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St Martin at Oak, Norwich
at Oak, Norwich
Although St Martin was still in use until the Second World War, it was destroyed by bombs in January 1942, only its truncated tower, south arcade and the outer walls of the nave and chancel surviving. George Plunkett's three photographs below, taken over thirty years between 1932 and 1962, show the process by which the tower was reduced and the walls and roofs restored. The architect of the rebuilding, completed in 1953, was John Chaplin.
It may seem surprising that the church was rebuilt - nearby St Paul was no more badly damaged, but it was wiped off the map by town planners in the 1960s - but the intention was that St Martin at Oak would become St Martin's Hall, a resource for use by neighbouring parishes. When the building was restored, a new entrance was created at the west end of the south aisle. However, the Brooke report of the 1960s oversaw the redundancy of all of the surrounding parish churches, and St Martin's Hall was no longer required.
The history of the building after this point is busy and not a little convoluted. At first, the building was used by the St Martin's Housing Trust which had started life as the Norwich Night Shelter Project. The original Night Shelter had been at St James, today the puppet theatre, but within a few years new premises were needed to cope with the swelling numbers of residents. In 1978, the shelter relocated to St Martin. In 2001, the night shelter finally closed to be replaced by Bishopbridge House, a purpose-built direct access hostel and resettlement unit. After falling into disuse for a while, St Martin at Oak was reborn as Oak Studios, used by theatre groups and local bands for rehearsal space. This then became Onoak studios, a space for artists to create large scale sculptures and installations. Today, the building has become the Wharf Contemporary Academy of Music.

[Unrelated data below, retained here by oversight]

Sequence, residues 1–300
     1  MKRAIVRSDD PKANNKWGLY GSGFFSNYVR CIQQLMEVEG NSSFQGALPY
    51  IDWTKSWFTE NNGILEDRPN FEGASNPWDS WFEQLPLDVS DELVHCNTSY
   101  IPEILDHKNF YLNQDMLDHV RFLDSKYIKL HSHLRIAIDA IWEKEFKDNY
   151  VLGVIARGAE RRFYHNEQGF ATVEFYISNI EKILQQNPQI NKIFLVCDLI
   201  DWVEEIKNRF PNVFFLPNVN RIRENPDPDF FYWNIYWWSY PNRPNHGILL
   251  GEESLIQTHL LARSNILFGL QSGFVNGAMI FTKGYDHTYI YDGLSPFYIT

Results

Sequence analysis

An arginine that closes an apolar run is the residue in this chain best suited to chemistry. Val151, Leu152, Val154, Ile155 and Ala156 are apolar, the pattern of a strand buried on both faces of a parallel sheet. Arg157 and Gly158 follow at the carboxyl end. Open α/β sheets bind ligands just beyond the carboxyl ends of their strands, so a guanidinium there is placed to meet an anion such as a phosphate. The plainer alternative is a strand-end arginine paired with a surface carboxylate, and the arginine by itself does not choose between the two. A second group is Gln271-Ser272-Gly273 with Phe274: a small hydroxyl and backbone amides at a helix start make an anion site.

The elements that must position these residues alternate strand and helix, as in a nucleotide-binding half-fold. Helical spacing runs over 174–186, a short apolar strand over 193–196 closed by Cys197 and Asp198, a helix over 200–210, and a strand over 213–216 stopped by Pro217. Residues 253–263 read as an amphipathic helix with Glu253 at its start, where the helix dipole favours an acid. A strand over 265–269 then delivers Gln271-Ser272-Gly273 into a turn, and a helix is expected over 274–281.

Simon Knott, January 2018
You can see thousands of George Plunkett's other old photographs of Norwich on the Plunkett website
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